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Early years see growth in emotional problems for children with SEN

School environments must not “disable children further”

Much more could be done to help children with physical and learning disabilities cope with the challenges they face on entering school, new research suggests.

A study from the Institute of Education (IOE), University of London, has found that the behavioural problems of many disabled children worsen between the ages of three and seven. They encounter increasing difficulties in terms of hyperactivity, emotional problems and getting on with other children.

However, disabled children might have fewer behavioural issues in their early years if more schools introduced stringent anti-bullying measures and other support strategies, the researchers conclude.

The authors of the study, which was funded by the Economic and Social Research Council, also recommend that more support is provided for mothers and fathers of children with SEN.

The long-term benefits of such interventions could be very substantial, the researchers believe, as behavioural difficulties are likely to compound disabled children’s problems and reduce their chances of having a happy and successful adult life.

Patterns of behaviour

The study’s authors – from the IOE, London School of Economics and Political Science, and the National Children’s Bureau – base their conclusions on an analysis involving 6,371 English children born in 2000 and 2001 who are being followed by the Millennium Cohort Study (MCS).

The researchers compared non-disabled children with children who had a range of conditions, including infants with a developmental delay at age nine months and those with SEN at seven years.

They were able to analyse assessments of MCS children’s behaviour at ages three, five and seven as parents had been asked about conduct problems, hyperactivity, emotional difficulties and whether their sons and daughters got on with children of the same age. 

The study found that disabled children consistently presented more conduct problems than their non-disabled peers between the ages of three and seven, although the conduct of both groups of children followed the same development pattern, improving between three and five and then slightly worsening at about age six.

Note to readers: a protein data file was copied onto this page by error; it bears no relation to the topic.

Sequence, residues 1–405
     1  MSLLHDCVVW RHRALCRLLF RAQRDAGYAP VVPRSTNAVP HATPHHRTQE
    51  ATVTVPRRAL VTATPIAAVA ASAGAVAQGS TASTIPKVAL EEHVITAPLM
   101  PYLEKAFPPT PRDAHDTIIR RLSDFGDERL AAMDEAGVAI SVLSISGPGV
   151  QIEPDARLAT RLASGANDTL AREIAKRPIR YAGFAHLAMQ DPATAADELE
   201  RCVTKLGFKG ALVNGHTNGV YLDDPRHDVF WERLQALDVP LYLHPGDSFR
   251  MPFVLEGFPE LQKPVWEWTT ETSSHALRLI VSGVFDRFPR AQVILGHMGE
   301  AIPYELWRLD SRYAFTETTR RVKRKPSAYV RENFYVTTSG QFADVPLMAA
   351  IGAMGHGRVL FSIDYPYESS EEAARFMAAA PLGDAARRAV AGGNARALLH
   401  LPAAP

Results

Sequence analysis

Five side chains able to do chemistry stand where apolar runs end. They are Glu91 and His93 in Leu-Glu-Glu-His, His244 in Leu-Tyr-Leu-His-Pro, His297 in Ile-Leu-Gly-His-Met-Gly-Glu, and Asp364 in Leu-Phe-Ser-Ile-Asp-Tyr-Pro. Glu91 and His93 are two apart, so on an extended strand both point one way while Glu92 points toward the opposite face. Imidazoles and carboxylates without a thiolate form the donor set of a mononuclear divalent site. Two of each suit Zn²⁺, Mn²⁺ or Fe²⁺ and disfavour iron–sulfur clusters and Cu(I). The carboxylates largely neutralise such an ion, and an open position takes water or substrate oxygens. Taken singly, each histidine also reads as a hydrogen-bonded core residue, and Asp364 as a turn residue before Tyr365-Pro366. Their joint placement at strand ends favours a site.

At age three, children with SEN were also more likely than non-disabled infants to exhibit the other three negative behaviours that were assessed – difficulties with peers, emotional problems and hyperactivity. These particular behavioural difficulties became more pronounced among children with SEN between the ages of three and seven.

“Our findings suggest that some early school environments may exacerbate behavioural problems for disabled children in ways that cannot solely be solved by learning support – because the underlying issue is behavioural rather than cognitive,” the report says.

Growing pains

The researchers also stress that many disabled children find it increasingly difficult to engage with the social world as they pass from being toddlers to the mid-primary school age. They also struggle with structured social contexts such as school. “We need to gain a better understanding of the effects that schools have if we are to develop environments that do not, in effect, disable children further”, the report says.

The relatively high level of emotional problems for disabled MCS children is a particular concern. Most children experience increased emotional problems as they get older, since as they become more advanced cognitively there is more room for negative thoughts to fester and grow. However, the marked increase in emotional problems for girls with SEN, in particular, in terms of future risks such as depression and self-harm, have serious implications for these children as they grow up.

“These research findings emphasise the urgency with which we need to act,” says Philippa Stobbs, Assistant Director of the Council for Disabled Children. “They make it imperative that we focus on improving the learning environment for our youngest and most vulnerable children.”

The study, Convergence or divergence? A longitudinal analysis of behaviour problems among disabled and non-disabled children aged 3 to 7 in England, can be found on the IOE’s website:


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